Zakariah Johnson said...

I was introduced to your books by Barb at Murder By The Book in Portland, OR. MBTB was my local haunt the decade I lived in PDX because they really made the effort to know their customers' buying histories and tastes. At my request they recommended many writers I might not otherwise have picked up. I had a copy of Every Dead Thing put into my hands as a result of requesting "something of high literary value and extreme violence." I now own all your books--several signed--and my son promotes The Gates as his all-time favorite book. We ordered The Infernals months back from our new local book store, which we support for the simple reason that without book stores, especially those staffed by readers who love books and value their customers, I really don't see how the next generation of authors will ever become known.

TomH said...

“He who does not feel his friends to be... does not deserve…."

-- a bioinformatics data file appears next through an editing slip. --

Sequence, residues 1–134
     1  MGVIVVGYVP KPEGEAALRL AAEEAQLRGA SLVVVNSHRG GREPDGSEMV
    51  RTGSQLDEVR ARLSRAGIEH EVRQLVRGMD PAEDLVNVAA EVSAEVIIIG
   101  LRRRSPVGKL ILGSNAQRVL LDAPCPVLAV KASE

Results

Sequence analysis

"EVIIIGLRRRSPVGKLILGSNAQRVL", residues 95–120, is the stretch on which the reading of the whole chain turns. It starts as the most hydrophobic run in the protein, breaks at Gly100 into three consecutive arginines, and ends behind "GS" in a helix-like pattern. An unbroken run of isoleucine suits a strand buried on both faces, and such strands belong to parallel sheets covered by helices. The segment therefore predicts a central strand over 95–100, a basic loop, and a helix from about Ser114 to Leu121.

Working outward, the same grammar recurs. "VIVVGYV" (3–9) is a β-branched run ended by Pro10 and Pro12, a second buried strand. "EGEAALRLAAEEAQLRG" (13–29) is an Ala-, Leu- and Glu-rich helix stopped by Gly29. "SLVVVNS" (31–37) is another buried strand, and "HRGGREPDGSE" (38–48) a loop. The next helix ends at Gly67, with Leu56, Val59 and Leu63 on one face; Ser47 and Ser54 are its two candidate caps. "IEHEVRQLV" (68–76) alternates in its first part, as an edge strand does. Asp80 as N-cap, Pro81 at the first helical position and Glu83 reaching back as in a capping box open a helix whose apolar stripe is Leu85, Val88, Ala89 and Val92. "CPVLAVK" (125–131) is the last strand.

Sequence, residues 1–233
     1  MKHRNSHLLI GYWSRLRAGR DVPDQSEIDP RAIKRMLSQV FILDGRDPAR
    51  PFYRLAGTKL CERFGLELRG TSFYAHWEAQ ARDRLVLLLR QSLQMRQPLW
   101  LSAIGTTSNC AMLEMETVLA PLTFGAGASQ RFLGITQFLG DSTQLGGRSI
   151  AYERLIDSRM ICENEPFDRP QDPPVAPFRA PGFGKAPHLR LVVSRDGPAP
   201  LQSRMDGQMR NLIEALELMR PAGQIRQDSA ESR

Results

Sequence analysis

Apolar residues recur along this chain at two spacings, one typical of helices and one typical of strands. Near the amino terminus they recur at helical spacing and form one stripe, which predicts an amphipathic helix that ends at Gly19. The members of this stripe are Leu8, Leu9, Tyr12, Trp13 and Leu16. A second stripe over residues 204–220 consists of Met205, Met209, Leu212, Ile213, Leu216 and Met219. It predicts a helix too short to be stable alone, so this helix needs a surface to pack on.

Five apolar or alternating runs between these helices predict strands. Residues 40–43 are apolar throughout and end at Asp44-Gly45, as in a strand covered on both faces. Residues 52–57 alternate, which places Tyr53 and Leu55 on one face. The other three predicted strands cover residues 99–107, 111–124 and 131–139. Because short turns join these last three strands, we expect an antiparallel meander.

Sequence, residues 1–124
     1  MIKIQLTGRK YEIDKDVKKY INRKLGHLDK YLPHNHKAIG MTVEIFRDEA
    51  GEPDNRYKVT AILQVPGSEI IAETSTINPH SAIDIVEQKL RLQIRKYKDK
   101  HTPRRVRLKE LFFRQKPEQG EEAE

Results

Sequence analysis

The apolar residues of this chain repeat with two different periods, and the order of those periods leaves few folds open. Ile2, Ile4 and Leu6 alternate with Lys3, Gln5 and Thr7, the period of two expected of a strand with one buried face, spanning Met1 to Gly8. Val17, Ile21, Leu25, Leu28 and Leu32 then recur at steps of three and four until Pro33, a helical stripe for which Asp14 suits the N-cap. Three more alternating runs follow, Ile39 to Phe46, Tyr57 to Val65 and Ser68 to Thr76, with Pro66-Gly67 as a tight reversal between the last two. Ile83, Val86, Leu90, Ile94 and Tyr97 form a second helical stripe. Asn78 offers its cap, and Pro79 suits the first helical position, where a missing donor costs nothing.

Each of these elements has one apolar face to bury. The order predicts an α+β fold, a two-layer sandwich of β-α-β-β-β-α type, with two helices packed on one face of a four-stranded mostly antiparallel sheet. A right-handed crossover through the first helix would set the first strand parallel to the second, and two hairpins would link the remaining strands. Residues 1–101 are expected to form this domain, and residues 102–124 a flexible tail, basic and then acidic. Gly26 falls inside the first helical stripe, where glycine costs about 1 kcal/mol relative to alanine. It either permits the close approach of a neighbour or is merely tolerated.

I was amazed when first travelling to Toadstool several years ago and witnessing the level of loyalty to such a small and Independent bookseller. I began figuring: surely there must be larger outlets.

And there are.

But the occasion of travelling so out of the way didn’t seem to matter to the author then… or now.

It would be guessing on my part of course but I bet the small store at the edge of such an out of the way small town mall was there for the author from the beginning.

And when it had to have meant so much more….

Alan T said...